Facebook removes app features over privacy rules

Facebook has removed a number of features from its Instagram and Messenger apps in Europe due to what it says is an update to EU privacy rules – including security features it uses to scan for child abuse content.

A recent change to the ePrivacy Directive, that was designed to prevent companies such as Facebook mining message content and metadata for advertising purposes, has instead resulted in the company turning a number of features off.

Features including creating polls in apps, using stickers and other augmented reality image filters on Instagram, and giving Messenger contacts nicknames are among those now turned off for Facebook users within the European Union and UK.

This photo illustration taken on March 22, 2018 shows apps for Facebook, Instagram, Twitter and other social networks on a smartphone in Singapore. (Photo by Roslan RAHMAN / AFP) (Photo credit should read ROSLAN RAHMAN/AFP/Getty Images)
Image:The block is impacting a number of Facebook apps

Core features such as text messaging and video calling have not been removed. Although the company has not given a timeline, it says it is “working to bring back features that we can as quickly as possible”.

According to the social media firm, the ePrivacy Directive “also prohibits messaging and calling services from using data to prevent, detect and respond to child abuse material and other forms of harm”.

As such, the company says it is no longer checking whether still and video media shared over those apps contains child abuse content – although other major technology companies are continuing to do so.

Facebook’s ability to automatically monitor for this content has been the subject of an aggressive debate between the company and governments around the world due to the firm’s plans to encrypt its services in a way that would prohibit it from scanning users’ messages.

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At the moment, Facebook submits thousands of reports to US authorities every year about predators using its platforms to attempt to groom children online, and millions of reports based on its systems detecting images and videos of child abuse.

Child protection authorities estimate that 70% of Facebook’s reports will be lost if the company allows predators and their potential victims to communicate using an end-to-end encrypted service that the company itself can no longer monitor – as the firm has stated it intends to do.

As reported by Sky News earlier this month, the British government is considering issuing an injunction against the company which would prevent it from rolling out end-to-end encryption across services such as Instagram and Messenger.

Despite the ePrivacy Directive, five major companies (Google, Microsoft, LinkedIn, Roblox, and Yubo) have all said they will continue to proactively scan their platforms for child abuse content.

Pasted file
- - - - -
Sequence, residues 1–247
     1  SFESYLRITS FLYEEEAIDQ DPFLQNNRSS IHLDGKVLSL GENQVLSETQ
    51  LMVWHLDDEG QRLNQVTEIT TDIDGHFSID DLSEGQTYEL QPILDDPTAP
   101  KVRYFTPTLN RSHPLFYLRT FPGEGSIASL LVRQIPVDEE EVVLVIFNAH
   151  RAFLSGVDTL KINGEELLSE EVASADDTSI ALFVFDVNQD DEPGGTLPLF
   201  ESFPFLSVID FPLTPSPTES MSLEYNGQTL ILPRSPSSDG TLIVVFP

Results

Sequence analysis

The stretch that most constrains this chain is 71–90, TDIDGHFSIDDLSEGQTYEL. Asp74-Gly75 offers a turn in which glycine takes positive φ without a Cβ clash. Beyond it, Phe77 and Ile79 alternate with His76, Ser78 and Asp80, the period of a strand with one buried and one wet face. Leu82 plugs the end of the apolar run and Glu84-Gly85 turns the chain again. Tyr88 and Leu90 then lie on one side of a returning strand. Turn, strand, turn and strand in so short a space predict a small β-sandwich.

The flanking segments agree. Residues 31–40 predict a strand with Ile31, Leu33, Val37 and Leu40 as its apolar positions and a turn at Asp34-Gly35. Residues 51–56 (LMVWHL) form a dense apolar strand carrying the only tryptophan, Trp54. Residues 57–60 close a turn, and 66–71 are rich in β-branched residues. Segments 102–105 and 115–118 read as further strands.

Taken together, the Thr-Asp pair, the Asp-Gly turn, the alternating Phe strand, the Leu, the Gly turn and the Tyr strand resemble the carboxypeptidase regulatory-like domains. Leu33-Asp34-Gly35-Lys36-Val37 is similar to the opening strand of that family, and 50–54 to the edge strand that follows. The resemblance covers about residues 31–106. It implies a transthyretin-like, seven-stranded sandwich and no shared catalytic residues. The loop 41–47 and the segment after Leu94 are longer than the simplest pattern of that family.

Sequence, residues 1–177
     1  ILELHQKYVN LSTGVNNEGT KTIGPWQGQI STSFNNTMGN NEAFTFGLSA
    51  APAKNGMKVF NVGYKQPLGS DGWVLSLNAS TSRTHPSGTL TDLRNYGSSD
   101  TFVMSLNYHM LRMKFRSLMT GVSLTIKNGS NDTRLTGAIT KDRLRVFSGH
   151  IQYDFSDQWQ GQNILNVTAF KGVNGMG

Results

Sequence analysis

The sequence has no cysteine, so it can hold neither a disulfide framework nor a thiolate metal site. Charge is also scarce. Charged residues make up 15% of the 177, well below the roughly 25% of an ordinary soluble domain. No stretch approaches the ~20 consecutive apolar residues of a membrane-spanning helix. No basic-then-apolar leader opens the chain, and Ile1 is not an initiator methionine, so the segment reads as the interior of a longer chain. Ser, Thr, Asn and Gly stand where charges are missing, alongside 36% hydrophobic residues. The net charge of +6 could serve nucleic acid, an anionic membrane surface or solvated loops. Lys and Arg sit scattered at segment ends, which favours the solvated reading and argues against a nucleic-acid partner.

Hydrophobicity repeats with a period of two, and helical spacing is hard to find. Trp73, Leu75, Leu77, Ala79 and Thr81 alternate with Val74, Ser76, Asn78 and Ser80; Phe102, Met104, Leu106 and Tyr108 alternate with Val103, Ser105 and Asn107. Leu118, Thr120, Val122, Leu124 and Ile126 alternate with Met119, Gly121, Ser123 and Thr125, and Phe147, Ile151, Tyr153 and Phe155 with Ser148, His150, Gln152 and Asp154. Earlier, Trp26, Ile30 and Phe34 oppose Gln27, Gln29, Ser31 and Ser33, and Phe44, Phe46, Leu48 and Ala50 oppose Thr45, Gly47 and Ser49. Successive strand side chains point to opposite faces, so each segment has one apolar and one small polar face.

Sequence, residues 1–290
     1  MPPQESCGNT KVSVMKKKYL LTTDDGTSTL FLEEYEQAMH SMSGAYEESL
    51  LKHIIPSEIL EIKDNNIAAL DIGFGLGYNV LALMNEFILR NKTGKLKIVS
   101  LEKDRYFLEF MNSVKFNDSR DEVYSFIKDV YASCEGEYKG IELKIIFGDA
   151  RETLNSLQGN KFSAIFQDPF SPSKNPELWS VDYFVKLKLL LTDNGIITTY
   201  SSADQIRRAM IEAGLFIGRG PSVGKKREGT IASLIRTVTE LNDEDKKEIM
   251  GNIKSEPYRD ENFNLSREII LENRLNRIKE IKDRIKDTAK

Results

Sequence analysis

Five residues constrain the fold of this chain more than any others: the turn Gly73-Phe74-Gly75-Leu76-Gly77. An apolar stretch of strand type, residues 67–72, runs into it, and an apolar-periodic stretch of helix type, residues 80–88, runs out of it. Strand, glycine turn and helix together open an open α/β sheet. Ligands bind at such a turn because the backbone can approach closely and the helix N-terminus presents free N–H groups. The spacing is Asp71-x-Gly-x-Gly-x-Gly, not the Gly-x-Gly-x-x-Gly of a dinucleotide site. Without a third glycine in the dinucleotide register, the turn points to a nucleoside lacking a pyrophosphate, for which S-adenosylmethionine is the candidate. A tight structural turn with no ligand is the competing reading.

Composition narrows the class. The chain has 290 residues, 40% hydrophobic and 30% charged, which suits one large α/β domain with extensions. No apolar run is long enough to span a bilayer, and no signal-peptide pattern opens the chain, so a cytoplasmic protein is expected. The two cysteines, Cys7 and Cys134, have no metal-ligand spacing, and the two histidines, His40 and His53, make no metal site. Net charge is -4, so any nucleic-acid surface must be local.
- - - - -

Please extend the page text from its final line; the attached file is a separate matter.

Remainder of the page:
Susie Hargreaves, the chief executive of the Internet Watch Foundation, described the ePrivacy Directive as “a stunning example of getting legislation wrong and having a potentially catastrophic impact on children”.

“It beggars belief that, at a time where children are more vulnerable to online grooming, and where our hotline staff are dealing with more public reports of suspected child sexual abuse material than ever before, children are being left out in the cold like this.

“Anything which weakens protections for children is unacceptable. Christmas is supposed to be a time where we look out for the youngest and most vulnerable. It is not the time to give predators a free pass to share videos of abuse and rape,” Ms Hargreaves added.

“We wholeheartedly applaud the stance taken by these companies who are really going the extra mile to protect children. Keeping children safe on, and offline, has to be everyone’s priority, and we must never lose sight of this.”

Anna Edmundson, the head of policy at the NSPCC, said: “Tech firms’ ability to scan for child abuse images and signs of grooming is fundamental to protecting children and fighting against these crimes that transcend national borders.

“Until the EU finds a way forward, it’s vital children are not put at risk of exploitation and that offenders are still found, stopped and prosecuted.

“It’s welcome to see some companies commit to continuing to use safety tools to detect and disrupt offenders and it is important others follow suit to protect children – particularly when they will be spending longer at home and online over Christmas.”

Mark Gibson

Graduates in Northwestern University, Evanston, Illinois 1990. Move to Los Angeles California in 2004. Specialized in Internet journalism.

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